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There have been a couple issues / bugs in the past which have resulted in orphaned files in the input or output file repository servers (FRS).  The scripts on this page were created to help clean up the FRS servers so there aren’t any excess files taking up room.

All of these scripts were written in VBScript and designed for BOE XI R2, however they will generally work on BOE XI R3 as well (Although they are not supported when run on BOE XI R3)


For other scripts and information on how to run these scripts see here:

Scan and Clean FRS Servers

This script will scan the input and output FRS for files that do not have corresponding entries in enterprise and delete them.  It will also delete the folders left over after removing the orphaned objects.  The way it determines if a matching InfoObject exists is by assuming that the folder name at the deepest level is the SI_ID of the object.  If an object with that SI_ID exists on the Enterprise Server, then that object is assumed to be valid.


  • You will need to change the username, password, and CMS name to the values specific to your enterprise server.  It is highly recommended that you use the Administrator user as other users may not be able to see all the objects on the enterprise server.  And if the script can’t see the object – it assumes that it doesn’t exist and removes the corresponding files.
  • This script creates a log file in “C:\output.log” which stores the results of the script running
  • To run this script in test mode, set the DoDelete variable to false.  To take it out of test mode, set the DoDelete variable to True
  • This script must be run on the server where the FRS is physically located – or where you have a direct path to the FRS folder location.
  • You will need to change the inputFRSRoot and outputFRSRoot to the base folder of your filestores
    • Default location for XI R2:
      • “C:\Program Files\Business Objects\BusinessObjects Enterprise 11.5\FileStore\Input”
      • “C:\Program Files\Business Objects\BusinessObjects Enterprise 11.5\FileStore\Output”
    • Default location for XI R3:
      • “C:\Program Files (x86)\Business Objects\BusinessObjects Enterprise 12.0\FileStore\Input”
      • “C:\Program Files (x86)\Business Objects\BusinessObjects Enterprise 12.0\FileStore\Output”
  • The path to the input and output FRS must not have a slash at the end or the script will not work.
  • If you are running this on a 64-bit OS such as Windows 7, you will need to specify the 32-Bit version of cscript in order to run it succesfully.  Otherwise you will encounter the error “ActiveX component can’t create object: ‘CrystalEnterprise.SessionMgr’ “.

    %windir%\SysWOW64\cscript.exe scanfrs.vbs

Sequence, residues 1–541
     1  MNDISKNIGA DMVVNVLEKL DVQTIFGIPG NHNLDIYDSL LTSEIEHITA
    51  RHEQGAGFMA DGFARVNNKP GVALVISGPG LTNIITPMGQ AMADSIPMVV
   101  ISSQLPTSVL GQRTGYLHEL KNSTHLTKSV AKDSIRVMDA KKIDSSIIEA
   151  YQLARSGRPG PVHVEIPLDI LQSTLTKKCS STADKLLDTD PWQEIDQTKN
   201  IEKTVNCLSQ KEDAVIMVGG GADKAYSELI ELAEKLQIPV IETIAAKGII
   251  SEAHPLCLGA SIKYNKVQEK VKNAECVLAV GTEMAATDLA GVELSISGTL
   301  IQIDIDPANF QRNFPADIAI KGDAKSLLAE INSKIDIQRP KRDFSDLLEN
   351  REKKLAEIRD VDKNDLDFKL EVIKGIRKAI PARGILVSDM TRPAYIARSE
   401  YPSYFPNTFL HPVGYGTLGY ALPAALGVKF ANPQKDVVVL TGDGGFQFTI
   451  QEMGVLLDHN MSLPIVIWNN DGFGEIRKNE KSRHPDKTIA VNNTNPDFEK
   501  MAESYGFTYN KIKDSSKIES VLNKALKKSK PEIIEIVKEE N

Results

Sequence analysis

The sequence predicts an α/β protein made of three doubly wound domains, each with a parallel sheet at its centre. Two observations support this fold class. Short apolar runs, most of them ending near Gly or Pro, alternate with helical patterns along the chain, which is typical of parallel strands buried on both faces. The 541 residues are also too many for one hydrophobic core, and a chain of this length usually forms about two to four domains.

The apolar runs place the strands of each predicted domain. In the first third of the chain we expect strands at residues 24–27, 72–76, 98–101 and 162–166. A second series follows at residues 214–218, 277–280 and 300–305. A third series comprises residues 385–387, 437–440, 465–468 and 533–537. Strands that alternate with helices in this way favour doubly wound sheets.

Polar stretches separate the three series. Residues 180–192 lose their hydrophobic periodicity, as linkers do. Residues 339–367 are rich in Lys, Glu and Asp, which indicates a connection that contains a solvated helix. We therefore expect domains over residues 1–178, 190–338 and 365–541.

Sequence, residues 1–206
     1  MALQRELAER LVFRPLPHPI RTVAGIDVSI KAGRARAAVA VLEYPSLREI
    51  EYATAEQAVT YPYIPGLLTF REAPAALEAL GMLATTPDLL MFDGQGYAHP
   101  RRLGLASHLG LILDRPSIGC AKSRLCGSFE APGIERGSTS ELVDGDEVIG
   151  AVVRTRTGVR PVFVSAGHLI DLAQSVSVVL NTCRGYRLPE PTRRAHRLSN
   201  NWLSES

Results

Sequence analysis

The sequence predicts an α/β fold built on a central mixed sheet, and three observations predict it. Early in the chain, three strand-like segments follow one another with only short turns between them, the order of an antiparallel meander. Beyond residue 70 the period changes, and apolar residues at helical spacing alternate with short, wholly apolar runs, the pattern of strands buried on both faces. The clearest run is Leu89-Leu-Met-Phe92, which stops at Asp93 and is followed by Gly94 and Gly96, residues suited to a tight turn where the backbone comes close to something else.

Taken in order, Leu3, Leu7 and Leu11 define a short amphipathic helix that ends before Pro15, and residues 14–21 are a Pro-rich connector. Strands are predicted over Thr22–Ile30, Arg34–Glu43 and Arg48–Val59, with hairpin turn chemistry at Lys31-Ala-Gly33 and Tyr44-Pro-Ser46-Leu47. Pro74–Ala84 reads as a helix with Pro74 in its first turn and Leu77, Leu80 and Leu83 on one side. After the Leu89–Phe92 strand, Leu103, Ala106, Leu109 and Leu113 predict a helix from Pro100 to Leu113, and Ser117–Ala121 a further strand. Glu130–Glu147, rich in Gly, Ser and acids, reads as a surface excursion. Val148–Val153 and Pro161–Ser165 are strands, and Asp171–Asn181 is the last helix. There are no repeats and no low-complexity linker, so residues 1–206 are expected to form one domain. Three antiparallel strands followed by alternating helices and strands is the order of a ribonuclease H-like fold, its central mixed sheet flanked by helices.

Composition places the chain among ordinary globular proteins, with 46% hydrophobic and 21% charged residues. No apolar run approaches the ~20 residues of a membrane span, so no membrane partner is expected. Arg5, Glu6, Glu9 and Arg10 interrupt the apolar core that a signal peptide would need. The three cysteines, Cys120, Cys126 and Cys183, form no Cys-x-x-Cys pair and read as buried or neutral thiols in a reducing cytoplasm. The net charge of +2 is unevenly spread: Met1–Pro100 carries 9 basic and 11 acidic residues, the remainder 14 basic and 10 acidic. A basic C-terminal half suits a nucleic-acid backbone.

Scan and Clean Input and Output FRS

Dim DoDelete
Dim inputFRSRoot
Dim outputFRSRoot

DoDelete = False   ‘ False = Test Mode, True = Actually Delete the Files
inputFRSRoot = “C:\Program Files (x86)\Business Objects\BusinessObjects Enterprise 12.0\FileStore\Input”
outputFRSRoot = “C:\Program Files (x86)\Business Objects\BusinessObjects Enterprise 12.0\FileStore\Output”

‘Declare CMS logon variables
Dim Usnername
Dim Password
Dim Authtype

CMS = “localhost”
Username = “Administrator”
Password = “”
Authtype = “secEnterprise”

‘Declare variables for Enterprise Session
Dim oEnterpriseSessionMgr
Dim ceSession
Dim oInfoObjects
Dim oInfoObjects2
Dim boServer1Admin
Dim boServer2Admin

‘ File IO stuff
Dim objFSO
Dim outputFile

‘Open the outputFile for logging.
Set objFSO = CreateObject(“Scripting.FileSystemObject”)
set outputFile = objFSO.OpenTextFile(“C:\output.log”,8,True)

outputFile.WriteLine(“——– Starting Script ——–“)

‘Load the Enterprise Session Manager
Set oEnterpriseSessionMgr = CreateObject(“CrystalEnterprise.SessionMgr”)

‘Logon to the CMS and create iStore object
Set ceSession = oEnterpriseSessionMgr.Logon(Username, Password, CMS, Authtype)
Set iStore = ceSession.Service(“”,”InfoStore”)

outputFile.WriteLine(“Input FRS Root = ” & inputFRSRoot)
outputFile.WriteLine(“Output FRS Root = ” & outputFRSRoot)

‘ Now that we have the root folders – we need to loop through them and drill down to the deepest level
‘ The logic used is:
‘ – Is there a file?  If not, is there a sub-folder.
‘ – If there is a sub-folder – then go into it
‘ – If there is a file – then look at the last folder name – that will be the SI_ID
‘ – Check if an object with that SI_ID exists.  If it does – all is well – if not – flag for deletion
‘ – The deletion will go up folder by folder until one of three conditions occur. 
‘ – 1. A file exists in the folder.
‘ – 2. More than 1 sub-folder
‘ – 3. The name of the current folder is either Input, or Output

Dim finalOutput
Dim finalInput

‘ Scan the Input FRS
outputFile.WriteLine(“Starting Input FRS”)
finalInput = CheckAndDelete(DoDelete, iStore, objFSO, outputFile, inputFRSRoot)

‘ Scan the Output FRS
outputFile.WriteLine(“Starting Output FRS”)